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I've heard that the larger the pusher plate of an Orion drive, the more efficient it is. Eg: a 20 m Orion drive would be far better than a 6.6 m one.

Is this true? If so, why?

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Source

Are these 6.6 m designs as good as a larger-diameter one?

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    $\begingroup$ The larger the plate the more force gets transferred by the explosion. $\endgroup$
    – GdD
    Feb 6 '20 at 9:33
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    $\begingroup$ I'm reasonably certain (but not currently certain enough to cobble together an answer!) that the efficiency refers to the bombs. Big Teller-Ulam devices give you more bang for your buck, and to make use of them effectively you need big pusher plates. They don't scale well the other way. $\endgroup$ Feb 6 '20 at 11:14
  • $\begingroup$ @GdD depends on how well collimated the cloud of propellant is. A bigger plate would let you use the same pulse unit from further away so that the stuff would have cooled more by the time it hit the plate, so maybe you can make some tradeoffs on plate resistance or something? $\endgroup$ Feb 6 '20 at 11:16
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Roughly speaking, you want to maximise your pusher plate size, but without making it bigger than is needed for your propulsion units.

The idea is that you chuck a propulsion unit out the back of your ship, it travels to some standoff distance and goes bang in such a way that it projects a cloud of energetic plasma towards your pusher plate. You want as much of that plasma as possible to bounce off your pusher plate. If your pusher plate is too small (or your means of collimating nuclear explosions isn't good enough), obviously some of that plasma will escape around the edges and be wasted.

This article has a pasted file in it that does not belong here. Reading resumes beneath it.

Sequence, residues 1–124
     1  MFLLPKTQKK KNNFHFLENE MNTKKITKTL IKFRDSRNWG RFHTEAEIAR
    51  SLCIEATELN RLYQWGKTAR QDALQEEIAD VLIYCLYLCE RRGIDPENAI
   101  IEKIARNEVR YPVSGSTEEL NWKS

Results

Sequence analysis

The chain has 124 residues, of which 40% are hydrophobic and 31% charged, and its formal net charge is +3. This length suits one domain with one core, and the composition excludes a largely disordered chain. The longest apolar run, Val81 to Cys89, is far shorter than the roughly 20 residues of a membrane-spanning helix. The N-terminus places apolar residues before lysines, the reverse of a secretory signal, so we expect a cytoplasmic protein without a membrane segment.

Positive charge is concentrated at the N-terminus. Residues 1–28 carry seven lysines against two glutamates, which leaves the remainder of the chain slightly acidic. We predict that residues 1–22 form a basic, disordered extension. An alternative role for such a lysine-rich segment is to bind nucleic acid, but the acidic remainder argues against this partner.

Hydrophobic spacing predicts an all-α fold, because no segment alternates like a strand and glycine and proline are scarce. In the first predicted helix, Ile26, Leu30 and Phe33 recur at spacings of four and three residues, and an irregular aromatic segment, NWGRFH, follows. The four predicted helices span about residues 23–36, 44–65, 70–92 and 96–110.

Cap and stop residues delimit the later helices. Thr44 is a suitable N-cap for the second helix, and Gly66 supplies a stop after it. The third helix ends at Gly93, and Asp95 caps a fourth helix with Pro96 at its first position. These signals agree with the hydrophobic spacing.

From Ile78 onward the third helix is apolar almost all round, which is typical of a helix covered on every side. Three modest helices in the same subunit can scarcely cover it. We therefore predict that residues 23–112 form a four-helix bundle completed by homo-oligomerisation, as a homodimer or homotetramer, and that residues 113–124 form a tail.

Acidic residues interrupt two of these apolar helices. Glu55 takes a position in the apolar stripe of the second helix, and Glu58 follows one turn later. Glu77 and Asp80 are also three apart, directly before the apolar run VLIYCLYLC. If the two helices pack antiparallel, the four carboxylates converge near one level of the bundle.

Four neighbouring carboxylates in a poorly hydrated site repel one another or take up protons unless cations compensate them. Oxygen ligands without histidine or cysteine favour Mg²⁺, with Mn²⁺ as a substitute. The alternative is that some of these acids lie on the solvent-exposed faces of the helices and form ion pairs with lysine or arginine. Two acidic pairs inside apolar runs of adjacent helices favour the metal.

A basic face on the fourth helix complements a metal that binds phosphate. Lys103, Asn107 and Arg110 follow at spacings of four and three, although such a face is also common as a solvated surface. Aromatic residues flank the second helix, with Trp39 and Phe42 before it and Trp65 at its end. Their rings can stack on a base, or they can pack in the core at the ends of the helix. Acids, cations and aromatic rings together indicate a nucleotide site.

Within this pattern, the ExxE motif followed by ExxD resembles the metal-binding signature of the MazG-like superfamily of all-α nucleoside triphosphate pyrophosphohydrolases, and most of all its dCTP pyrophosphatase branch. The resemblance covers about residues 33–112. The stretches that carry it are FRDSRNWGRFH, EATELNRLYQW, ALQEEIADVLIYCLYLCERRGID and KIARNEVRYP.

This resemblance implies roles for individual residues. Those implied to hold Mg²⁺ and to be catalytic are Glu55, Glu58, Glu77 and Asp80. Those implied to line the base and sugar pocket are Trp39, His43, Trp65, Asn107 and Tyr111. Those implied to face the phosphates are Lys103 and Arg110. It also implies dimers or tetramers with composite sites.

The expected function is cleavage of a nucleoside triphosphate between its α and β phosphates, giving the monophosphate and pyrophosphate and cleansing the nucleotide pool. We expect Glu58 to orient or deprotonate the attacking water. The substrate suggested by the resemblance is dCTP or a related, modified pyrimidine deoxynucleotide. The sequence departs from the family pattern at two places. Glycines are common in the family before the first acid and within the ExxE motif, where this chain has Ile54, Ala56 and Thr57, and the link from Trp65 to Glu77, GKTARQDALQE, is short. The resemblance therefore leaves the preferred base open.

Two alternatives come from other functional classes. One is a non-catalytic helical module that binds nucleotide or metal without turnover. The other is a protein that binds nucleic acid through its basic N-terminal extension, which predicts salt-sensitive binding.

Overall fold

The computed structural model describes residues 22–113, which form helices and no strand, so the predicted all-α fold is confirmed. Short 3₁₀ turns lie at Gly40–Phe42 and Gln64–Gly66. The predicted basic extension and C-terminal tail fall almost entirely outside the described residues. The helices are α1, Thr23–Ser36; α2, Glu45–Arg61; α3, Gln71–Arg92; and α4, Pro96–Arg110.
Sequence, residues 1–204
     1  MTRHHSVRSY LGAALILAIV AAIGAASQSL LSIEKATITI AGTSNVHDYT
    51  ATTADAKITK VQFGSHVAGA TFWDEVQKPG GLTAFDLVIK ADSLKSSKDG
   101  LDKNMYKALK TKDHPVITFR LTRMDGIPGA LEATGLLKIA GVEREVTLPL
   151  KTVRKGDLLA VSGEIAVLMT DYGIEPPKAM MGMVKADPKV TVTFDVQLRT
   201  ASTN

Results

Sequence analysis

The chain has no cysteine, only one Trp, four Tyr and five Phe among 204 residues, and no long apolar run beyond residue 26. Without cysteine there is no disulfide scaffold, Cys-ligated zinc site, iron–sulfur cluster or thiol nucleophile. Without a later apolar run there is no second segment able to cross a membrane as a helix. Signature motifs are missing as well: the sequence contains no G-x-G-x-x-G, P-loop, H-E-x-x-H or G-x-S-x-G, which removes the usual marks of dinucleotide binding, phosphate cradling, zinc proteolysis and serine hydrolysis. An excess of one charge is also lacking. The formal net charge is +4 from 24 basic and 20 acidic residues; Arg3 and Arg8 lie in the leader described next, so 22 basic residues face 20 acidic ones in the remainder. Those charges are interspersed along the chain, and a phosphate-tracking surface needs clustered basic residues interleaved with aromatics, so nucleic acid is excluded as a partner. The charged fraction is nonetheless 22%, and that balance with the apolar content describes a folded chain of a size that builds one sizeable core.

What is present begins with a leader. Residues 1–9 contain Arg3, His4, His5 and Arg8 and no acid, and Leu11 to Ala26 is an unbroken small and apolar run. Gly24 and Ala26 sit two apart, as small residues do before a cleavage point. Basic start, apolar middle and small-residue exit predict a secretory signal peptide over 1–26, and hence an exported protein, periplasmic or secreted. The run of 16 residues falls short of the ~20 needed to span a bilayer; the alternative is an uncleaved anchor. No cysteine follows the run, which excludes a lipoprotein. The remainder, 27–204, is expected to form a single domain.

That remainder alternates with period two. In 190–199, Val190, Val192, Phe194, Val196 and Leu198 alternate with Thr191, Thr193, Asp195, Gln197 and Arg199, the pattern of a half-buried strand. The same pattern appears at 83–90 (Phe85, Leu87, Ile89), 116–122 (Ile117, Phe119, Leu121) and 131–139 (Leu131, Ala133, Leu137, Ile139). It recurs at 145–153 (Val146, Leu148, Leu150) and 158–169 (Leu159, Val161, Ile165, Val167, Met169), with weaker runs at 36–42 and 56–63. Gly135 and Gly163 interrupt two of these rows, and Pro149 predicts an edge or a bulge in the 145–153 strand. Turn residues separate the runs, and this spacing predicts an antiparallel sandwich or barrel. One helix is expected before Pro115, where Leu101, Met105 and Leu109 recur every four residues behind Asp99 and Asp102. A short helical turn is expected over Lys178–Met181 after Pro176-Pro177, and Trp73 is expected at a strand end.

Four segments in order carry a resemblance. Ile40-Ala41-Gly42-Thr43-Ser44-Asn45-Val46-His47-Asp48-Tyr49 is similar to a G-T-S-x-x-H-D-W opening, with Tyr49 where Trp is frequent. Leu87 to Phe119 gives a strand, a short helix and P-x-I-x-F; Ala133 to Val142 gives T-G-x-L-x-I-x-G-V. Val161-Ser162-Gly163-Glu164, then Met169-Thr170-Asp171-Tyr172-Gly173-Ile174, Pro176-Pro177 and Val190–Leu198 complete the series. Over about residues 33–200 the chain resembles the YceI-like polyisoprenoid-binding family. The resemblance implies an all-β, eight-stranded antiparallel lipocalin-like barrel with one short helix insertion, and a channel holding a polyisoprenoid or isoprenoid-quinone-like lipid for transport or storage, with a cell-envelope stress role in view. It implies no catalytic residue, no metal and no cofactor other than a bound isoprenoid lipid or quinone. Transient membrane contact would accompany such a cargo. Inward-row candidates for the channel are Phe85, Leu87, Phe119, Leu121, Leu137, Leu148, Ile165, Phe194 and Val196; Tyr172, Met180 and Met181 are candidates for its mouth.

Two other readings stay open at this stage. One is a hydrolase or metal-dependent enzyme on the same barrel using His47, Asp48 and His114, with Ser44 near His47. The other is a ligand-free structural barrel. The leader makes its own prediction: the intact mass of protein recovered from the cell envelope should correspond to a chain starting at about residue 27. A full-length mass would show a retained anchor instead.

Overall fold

There are three ways you could fix this. Firstly, you could increase the amount by which you collimate the explosion from your propulsion units. This may be beyond your engineering abilities. Secondly you could reduce the standoff distance between the pusher plate and the propulsion unit when it goes bang.

Both these approaches share the problem of a lot of bang being bounced off a comparatively small area. In the case of the reduced standoff distance, you have the additional problem that the cloud of propellant is also somewhat hotter, having had less time to cool down radiatively on its journey between the detonation point and the pusher plate. These issues increase the rate at which the pusher plate is ablated by each nuclear pulse, reducing the lifetime of the drive system. The reduced standoff distance will also require heavier radiation shielding to protect the crew and ship.

The third approach is to use smaller propulsion units. The problem there is that nukes just don't scale down very well, both in terms of their minimum size and the amount of bang you get for a given size, mass and price-point.

Are these 6.6 m designs as good as a larger-diameter one?

Probably not.

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